“We need to be in a structured environment for this little girl,” Shawn added.
Shawn is reluctant to go picking without his partner and his extra set of eyes.
“The dynamics are just shot if I try going by myself,” he explained.
Their pace slowed so dramatically that Shawn even contemplated the worst.
“I thought about trying to get a real job for a minute,” he said.
Then again, growing up working-class in Southern California — the son of a hairdresser and a wastewater treatment plant operator — there wasn’t always the money to buy what friends had.
“If you wanted cool stuff,” Shawn said, “you had to build it.”
Shawn’s mom, Jackie, who relocated to Jefferson as well from California, finds herself impressed almost daily by what her son and daughter-in-law can make out of reclaimed objects.
“I’m amazed. Just amazed. I’m blown away. These kids are so gifted,” she said. “He didn’t inherit it from us.”
They do, however, come by it honestly.
Jennie’s dad was a “hippie biker” who would park his motorcycle inside their house.
Shawn’s grandfather owned a paint and body shop that employed a painter named Pat Santini. Santini’s son, Pete, went on to own a famous body shop to the stars in Orange County.
“I feel like I was born into it,” Shawn said. “If my grandpa didn’t think I was an annoying kid, I would’ve been in there sanding for him.”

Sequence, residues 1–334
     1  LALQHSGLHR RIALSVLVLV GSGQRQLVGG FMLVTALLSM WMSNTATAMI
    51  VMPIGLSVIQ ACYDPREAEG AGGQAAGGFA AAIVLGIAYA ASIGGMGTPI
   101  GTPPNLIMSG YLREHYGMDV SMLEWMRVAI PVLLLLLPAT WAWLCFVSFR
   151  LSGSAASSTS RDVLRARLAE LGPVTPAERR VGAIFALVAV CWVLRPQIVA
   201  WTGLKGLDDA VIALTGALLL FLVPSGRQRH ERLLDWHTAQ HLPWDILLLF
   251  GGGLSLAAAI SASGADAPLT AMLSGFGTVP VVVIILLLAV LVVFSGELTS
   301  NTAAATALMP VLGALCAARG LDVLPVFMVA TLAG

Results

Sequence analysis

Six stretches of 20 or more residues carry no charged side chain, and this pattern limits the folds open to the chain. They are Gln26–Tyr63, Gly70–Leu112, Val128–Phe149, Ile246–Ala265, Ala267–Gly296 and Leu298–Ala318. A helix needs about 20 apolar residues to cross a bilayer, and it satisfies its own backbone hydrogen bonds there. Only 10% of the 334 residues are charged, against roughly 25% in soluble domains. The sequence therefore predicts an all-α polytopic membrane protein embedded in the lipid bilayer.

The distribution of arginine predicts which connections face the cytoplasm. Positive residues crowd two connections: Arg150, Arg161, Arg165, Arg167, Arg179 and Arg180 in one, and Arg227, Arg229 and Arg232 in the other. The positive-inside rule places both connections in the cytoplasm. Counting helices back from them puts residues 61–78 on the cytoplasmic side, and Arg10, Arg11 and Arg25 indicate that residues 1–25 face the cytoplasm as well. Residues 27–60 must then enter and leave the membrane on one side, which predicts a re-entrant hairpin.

The Olsons now have the difficult task of trying to keep up with trends, and even anticipate new ones, from their home base in Jefferson, Iowa.
“Staying ahead of the curve is hard,” Shawn said.
Yesterday’s Mission furniture is today’s midcentury modern.
For her part, Jennie has taken up macrame to cash in on a resurgence of bohemian style.
If you’re thinking about switching to industrial decor, do it quick. That window is closing.
Now, Shawn said, “Texas is a major influence on what’s happening.”
A fully intact Aermotor Co. windmill, picked recently from a local farm, may be the find of the year.
“Windmill blades are hot,” Shawn said. “They’re starting to reproduce them in China.”
A section of three metal blades, to hang on someone’s wall, can bring $180. A windmill, for what it’s worth, is made up of six sections of three blades.
“We have so many people that buy weird, quirky stuff,” Jennie said.
Sometimes, they don’t even have to alter an object.
Someone will inevitably want the railroad spike puller currently resting in a corner of their workshop.
A 1947 Schwinn bicycle, with original paint and an original speedometer, picked from the basement of a farmhouse in Boone, is the kind of thing the “American Pickers” guys go gaga over.
But the Olsons can also take an undesirable pick and spin it into gold.
For example, not all old neon signs are equal. A sign advertising an upholstery business might ultimately prove to be a tough sell.
Never fear, though, Shawn can take that old sign for Lunn’s Upholstery — its lettering almost completely worn off to begin with — and transform it by custom-painting the giant metal can to read Lunn’s Garage.
“The minute it says garage or gas station,” he said, “everyone wants to buy it.”
Custom car culture is what brought the Olsons together in the first place, and it’s how they’ll grow old together.
As Shawn noted, a lot of wives simply aren’t interested in this sort of thing.
“Not only is she fully into it,” he said, “but she can weld. She can use every tool in this shop.”
Together, they also can’t stop acquiring VW Microbuses from the ’60s and ’70s, taking them from sometimes rusted-out heaps to pristine time machines.
Those will only be sold when the time comes to retire.
“And that,” Shawn said, “will be our little house in Colorado.”